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There is a dispute in the Gemara (Menachot 11a) regarding the correct way to do a kemitza. A kemitza is a handful measure used in the Mikdash, for example to measure solet or levonah. According to one opinion, the kemitza is grasping the ingredient with all five fingers of the hand, like a fist. The second opinion is that only the middle three fingers grasp the ingredient and the thumb and small (pinky) finger simply rub off the excess from both ends.

Parshat Devarim, in which Moshe rebukes Am YisraelEicha Esa Levadi – How shall I one bear” always precedes Tisha B’Av.


I would like to share with you a refreshing new look from the book Meir Panim from one of the central stories of the churban, the destruction, but before that we need to backtrack to the sixth day of Creation.

Hashem gathered dust from all corners of the earth, mixed it with water and from this created Adam HaRishon. Meir Panim brings a principle that Hashem gathered the dust (as it were), using a kemitza. The Sages give us an hour-by-hour breakdown of that day. It is difficult to picture so much being squashed into such a short time, but if examined using the premise that one day in Hashem’s eyes is like 1,000 years for us (or one hour for Hashem is like 42 years for us) – it makes more sense.

The first commandment Hashem gave Adam HaRishon was Pru u’Revu, to procreate. You would think that this would be Adam’s first order of business, but we know from the verse that only after Adam sinned with the eitz hada’at, the Tree of Knowledge, and was banished from Gan Eden, that Adam “knew” Chava, his wife. (Bereishit 4,1). It was this “tardiness” in performing Hashem’s commandment that resulted in the sin of the eitz hada’at in the first place.

Chava’s sin, born of frustration at her husband’s lack of diligence, was thinking she could create life without involving Adam or even Hashem, using the same method Hashem used to create man: taking the fruit of the eitz hada’at (wheat), grinding it into dust (flour), mixing it with water, and breathing life into the dough (chametz).

The Sages say that Adam and Chava were guilty of all three cardinal sins – idolatry, (believing the snake’s lashon hara that the eitz hada’at preceded Hashem in the world), bloodshed (making mankind, who until the sin was immortal – mortal), and adultery (the snake with Chava, which resulted in the birth of Kayin).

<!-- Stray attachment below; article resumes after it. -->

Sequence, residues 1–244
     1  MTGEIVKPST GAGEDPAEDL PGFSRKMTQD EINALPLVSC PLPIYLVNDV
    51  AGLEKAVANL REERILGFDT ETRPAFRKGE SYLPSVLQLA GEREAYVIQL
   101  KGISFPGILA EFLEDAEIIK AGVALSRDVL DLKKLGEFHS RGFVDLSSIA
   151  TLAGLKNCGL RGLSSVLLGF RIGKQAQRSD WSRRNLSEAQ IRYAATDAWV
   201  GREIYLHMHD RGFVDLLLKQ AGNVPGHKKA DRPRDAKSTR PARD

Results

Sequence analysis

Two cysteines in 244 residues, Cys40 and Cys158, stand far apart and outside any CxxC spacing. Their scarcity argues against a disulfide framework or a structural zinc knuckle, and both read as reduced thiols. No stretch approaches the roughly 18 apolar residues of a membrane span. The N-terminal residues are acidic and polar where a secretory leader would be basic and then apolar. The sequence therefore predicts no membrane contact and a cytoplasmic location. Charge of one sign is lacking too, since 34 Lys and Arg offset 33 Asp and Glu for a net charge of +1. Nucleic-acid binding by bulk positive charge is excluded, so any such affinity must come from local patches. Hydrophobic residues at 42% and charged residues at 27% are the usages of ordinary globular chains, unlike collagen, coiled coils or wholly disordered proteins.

We know the story (Gittin 55b) about how “Yerushalyim was destroyed by Kamtza and Bar Kamtza, Tur Malka was destroyed because of a rooster and a chicken and Beitar was destroyed because of a cedar and a cypress tree.”

The Gemara provides details of the three stories – all revolving around weddings. However, if you dig a little deeper beyond the superficial level, you discover the root cause of the churban:

AKamtza u’Bar Kamtza Charuv Yerushalyim.” Jerusalem was destroyed because of Kamtza and Bar Kamtza. What does the Gemara mean in saying “AKamtza,” with an aleph before the name Kamtza? Aleph is Hashem – One. Hashem created Adam HaRishon with Kemitza. Adam is Kamtza! Kamtza is the good friend of the ba’al hasimcha, the One who is making the wedding. Which wedding? The wedding of Adam and Chava, in which Hashem led the bride up to the chuppah. Where was the wedding? In Yerushalayim, Gan Eden, the location of the Beit HaMikdash.

But something went wrong. Instead of Kamtza being the guest of honor, an uninvited guest, Bar Kamtza, showed up. Bar Kamtza is the son of Kamtza: Kayin, who was born from adultery between Chava and the snake. Being rejected progeny, Kayin developed an insidious hatred for his brother Hevel, which eventually led to his killing him.